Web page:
Matt Chan / Courier
President Mark Rocha listens intently to the comments made about his administration at the Board of Trustees meeting on Wednesday, Mar. 13.

“I was dumbfounded by the evaluation itself. I don’t see how the Board and [Rocha] are able to come to this understanding,” Cairo said. “It is as if you and I and the Board operate on two different worlds in regard to this campus.”

Rocha understood there were different perspectives on campus issues.

“We said, ‘Look, there is a reason for differing points of view,’” said Rocha. “There was quite a bit of stuff [said] here. I will continue to do [my job] until the Board asks me not to.”

6 Replies to “President defends his administration”

  1. Never before in the history of PCC –NEVER– have there been such overwhelming votes of “No Confidence”. When will the Board of Trustees realize that they and the president have lost the college? Their only support is from their golfing buddies and the few remaining sycophants on the president’s gift list. What a mess. Let’s hope that Rocha’s replacement takes the college back on track.

  2. The most significant thing of all about this is that Rocha felt the need to defend himself at all.
    He could quite easily have stayed silent. It’s always better to remain quiet and let everyone think you are a fool, than to open your mouth and confirm it.

    1. Oh, cake eater, you are SUCH a whiner. Always whining on here, it is your essence. If Rocha didn’t “defend himself,” you would have whined about that as well. You are seriously pathetic.

  3. If Mark wanted everyone to stay and hear his weak response to criticism about his recent decisions, he should have made this issue a priority. Why did the Board meeting start an hour later than regularly scheduled? The board members and Rocha should have been in Creveling ON TIME and many more attendees would have been able to hear his defensive and ingenuous comments.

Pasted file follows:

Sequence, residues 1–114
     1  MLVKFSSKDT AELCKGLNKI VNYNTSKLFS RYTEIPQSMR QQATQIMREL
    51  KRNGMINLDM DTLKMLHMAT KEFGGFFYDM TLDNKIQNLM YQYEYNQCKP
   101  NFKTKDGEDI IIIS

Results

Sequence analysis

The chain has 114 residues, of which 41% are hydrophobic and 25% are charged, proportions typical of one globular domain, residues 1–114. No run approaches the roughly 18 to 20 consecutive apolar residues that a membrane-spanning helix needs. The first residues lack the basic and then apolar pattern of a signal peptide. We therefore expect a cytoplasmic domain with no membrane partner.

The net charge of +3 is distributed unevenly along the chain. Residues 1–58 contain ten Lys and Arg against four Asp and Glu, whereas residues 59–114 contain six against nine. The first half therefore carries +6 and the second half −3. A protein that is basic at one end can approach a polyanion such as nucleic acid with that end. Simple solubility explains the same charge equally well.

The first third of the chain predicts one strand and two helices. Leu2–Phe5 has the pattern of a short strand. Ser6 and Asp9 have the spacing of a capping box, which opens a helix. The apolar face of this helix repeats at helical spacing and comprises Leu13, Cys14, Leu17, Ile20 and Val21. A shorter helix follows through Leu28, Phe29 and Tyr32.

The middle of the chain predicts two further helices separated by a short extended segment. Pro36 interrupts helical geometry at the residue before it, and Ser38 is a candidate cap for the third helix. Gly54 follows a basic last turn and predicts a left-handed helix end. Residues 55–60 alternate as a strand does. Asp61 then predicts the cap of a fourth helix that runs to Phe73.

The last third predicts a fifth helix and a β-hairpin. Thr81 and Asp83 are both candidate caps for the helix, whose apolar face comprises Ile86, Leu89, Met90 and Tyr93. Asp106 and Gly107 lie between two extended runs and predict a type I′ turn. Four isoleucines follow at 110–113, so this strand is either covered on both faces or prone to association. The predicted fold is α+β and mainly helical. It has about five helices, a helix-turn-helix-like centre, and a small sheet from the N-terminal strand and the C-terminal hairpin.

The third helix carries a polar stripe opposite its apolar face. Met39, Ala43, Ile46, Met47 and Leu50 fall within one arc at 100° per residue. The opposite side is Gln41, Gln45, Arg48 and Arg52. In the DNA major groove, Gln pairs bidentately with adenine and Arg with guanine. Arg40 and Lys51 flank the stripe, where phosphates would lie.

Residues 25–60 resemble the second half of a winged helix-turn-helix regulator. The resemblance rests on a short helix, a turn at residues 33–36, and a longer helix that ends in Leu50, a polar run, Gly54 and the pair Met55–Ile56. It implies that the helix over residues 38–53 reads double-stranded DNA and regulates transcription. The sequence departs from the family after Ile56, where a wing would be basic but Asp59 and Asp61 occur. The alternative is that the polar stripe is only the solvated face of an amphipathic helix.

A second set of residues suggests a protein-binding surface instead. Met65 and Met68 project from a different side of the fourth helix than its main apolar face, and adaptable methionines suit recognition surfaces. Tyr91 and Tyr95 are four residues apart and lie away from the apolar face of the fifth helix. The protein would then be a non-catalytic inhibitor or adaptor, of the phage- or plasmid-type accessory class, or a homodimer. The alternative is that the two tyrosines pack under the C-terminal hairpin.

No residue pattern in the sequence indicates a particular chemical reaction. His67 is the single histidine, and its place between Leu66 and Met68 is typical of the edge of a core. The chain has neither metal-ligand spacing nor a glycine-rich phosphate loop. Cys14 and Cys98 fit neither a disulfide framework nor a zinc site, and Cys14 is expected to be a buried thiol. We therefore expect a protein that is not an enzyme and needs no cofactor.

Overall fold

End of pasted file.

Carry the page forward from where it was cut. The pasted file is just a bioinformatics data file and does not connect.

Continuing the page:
1. Kris, I think you meant to say disingenuous. Rocha’s call for understanding and dialogue is the most disingenuous thing I’ve ever heard. Faculty, students, managers and staff have spent years attempting to engage in good faith communication with Rocha and his clutch of enforcers, only to be lied to, threatened (or retaliated against) and ignored, over and over again.

  4. Officials of the Associated Students…directed attacks… at Rocha about the consequences of the cancellation of Winter Intersession…” So the anger directed at Rocha really is mostly about the cancellation of Winter Intersession. Well now it looks like he made the right call because of the sequester cuts–those automatic cuts in the federal budget that went into effect on Jan. 1. The anger of the students and faculty should be directed towards the past PCC Presidents who supervised all of the new construction on campus. Now it appears that the funds that were used for construction could have been used to fund Winter Intersession or more class sections. Good luck finding a new President–he will probably have better people skills but people skills won’t fill holes in the college budget.